The authors certify that they have obtained all appropriate patient consent forms. In the form the patient(s) has/have given his/her/their consent for his/her/their images and other clinical information to be reported in the journal. The patients understand that their names and initials will not be published and due efforts will be made to conceal their identity, but anonymity cannot be guaranteed.

Financial support and sponsorship

Nil.

Conflicts of interest

There are no conflicts of interest.

 
  References Top

1.
Ghaye B, Szapiro D, Fanchamps JM, Dondelinger RF. Congenital bronchial abnormalities revisited. Radiographics 2001;21:105-19.  Back to cited text no. 1
    
2.
Müller NL, Silva CI. Imaging of the Chest. Saunders/Elsevier; 2008. ISBN: 141604048X.  Back to cited text no. 2
    
3.
Shih FC, Lee WJ, Lin HJ. Tracheal bronchus. CMAJ 2009;180:783. doi: 10.1503/cmaj.080280.  Back to cited text no. 3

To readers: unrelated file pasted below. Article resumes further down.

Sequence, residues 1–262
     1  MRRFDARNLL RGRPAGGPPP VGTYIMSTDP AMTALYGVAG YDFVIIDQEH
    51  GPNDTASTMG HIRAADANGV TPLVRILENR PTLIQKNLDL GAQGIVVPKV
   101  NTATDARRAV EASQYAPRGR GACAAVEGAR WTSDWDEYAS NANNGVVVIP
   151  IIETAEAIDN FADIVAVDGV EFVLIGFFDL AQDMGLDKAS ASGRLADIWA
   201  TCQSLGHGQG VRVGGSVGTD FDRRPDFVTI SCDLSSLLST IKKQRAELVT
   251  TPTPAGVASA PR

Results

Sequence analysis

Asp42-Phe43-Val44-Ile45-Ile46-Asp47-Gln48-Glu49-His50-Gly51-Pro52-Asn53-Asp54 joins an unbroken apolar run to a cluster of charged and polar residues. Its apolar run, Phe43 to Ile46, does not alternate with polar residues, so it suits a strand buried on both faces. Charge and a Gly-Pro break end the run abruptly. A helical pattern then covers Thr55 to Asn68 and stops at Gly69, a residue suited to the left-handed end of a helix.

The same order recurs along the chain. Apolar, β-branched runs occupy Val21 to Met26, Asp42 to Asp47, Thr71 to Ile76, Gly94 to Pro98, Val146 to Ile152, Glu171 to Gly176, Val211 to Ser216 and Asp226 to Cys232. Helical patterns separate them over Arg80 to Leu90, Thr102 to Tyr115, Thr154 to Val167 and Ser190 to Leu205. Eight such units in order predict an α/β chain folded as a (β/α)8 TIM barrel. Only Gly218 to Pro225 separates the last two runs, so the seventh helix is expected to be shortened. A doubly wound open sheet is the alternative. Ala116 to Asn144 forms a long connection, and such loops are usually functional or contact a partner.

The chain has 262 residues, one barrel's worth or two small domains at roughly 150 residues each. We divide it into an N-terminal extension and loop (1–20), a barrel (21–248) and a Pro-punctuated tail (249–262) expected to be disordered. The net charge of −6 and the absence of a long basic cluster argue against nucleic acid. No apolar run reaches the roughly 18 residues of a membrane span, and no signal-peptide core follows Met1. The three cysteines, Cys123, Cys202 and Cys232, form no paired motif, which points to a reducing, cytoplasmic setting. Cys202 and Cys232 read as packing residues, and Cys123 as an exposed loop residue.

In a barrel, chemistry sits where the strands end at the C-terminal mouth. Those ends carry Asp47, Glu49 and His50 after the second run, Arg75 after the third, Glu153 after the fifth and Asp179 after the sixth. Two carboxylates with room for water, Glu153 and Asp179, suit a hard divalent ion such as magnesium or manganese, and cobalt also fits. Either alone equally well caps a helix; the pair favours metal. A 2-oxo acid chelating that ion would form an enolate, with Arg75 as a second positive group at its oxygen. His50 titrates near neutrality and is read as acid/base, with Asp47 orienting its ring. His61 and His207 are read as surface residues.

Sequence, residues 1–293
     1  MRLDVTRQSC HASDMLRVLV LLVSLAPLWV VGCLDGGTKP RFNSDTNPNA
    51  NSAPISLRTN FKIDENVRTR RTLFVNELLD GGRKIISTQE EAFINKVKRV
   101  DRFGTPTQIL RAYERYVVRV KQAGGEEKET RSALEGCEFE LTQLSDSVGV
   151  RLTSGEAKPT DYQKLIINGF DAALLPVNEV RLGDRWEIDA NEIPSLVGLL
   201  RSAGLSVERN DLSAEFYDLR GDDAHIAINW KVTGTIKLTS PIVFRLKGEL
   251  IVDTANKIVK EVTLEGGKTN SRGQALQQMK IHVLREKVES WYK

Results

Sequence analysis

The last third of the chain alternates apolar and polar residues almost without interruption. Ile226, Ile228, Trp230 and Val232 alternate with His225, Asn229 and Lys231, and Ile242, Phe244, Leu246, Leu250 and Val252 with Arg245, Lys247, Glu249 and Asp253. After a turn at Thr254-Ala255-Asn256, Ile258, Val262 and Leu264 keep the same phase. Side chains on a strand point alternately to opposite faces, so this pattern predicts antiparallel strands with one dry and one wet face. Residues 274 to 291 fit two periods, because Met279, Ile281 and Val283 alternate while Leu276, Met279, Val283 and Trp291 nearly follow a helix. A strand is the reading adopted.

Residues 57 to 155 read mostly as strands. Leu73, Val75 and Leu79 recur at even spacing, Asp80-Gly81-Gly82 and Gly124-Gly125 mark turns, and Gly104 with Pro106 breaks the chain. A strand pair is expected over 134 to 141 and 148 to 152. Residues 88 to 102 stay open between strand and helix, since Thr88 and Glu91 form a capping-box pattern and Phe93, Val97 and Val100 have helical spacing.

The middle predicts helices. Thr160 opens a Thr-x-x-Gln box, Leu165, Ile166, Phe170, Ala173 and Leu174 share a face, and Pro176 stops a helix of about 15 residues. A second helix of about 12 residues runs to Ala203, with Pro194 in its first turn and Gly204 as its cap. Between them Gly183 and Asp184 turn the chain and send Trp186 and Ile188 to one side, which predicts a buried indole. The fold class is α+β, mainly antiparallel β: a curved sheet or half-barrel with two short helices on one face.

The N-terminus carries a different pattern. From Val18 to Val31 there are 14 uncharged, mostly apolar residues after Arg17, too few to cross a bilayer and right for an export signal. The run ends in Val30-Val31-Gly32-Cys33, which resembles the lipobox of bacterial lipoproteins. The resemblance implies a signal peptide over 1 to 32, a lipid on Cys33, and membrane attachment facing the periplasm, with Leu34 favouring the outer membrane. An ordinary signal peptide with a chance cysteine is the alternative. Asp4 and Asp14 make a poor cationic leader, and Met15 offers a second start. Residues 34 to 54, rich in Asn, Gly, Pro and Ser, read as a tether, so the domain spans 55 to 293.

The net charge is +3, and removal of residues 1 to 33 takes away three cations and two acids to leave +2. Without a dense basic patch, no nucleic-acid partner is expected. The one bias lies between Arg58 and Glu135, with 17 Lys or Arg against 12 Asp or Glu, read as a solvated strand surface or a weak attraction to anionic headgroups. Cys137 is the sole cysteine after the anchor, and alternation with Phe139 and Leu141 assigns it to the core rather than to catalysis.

4.
Calvet P, Domenech B, Sans N, Giron J, Railhac JJ. [Right tracheal bronchus]. J Radiol 1997;78:135-9.  Back to cited text no. 4
    
5.
Harris JH Jr. The clinical significance of the tracheal bronchus. Am J Roentgenol 1958;79:228-34.  Back to cited text no. 5
    
6.
Evans JA. Aberrant bronchi and cardiac vascular anomalies. Am J Med Genet 1990;35:46-54.  Back to cited text no. 6
    
7.
“Cardiac bronchus”. Radiopedia. [Archived from the original on 2015 Oct 26].  Back to cited text no. 7
    
8.
Brock RC. The Anatomy of the Bronchial Tree. London, England: Oxford University Press 1946.  Back to cited text no. 8
    
9.
Huzly A, Boehm F. Bronches cardiaques accessoires. Bronches 1956;6:540-50.  Back to cited text no. 9
    
10.
Mangiulea VG, Stinghe RV. The accessory cardiac bronchus: Bronchologic aspect and review of the literature. Dis Chest 1968;54:35-8.  Back to cited text no. 10
    
11.
McGuinness G, Naidich DP, Garay SM, Davis AL, Boyd AD, Mizrachi HH. Accessory cardiac bronchus: CT features and clinical significance. Radiology 1993;189:563-6.  Back to cited text no. 11
    
12.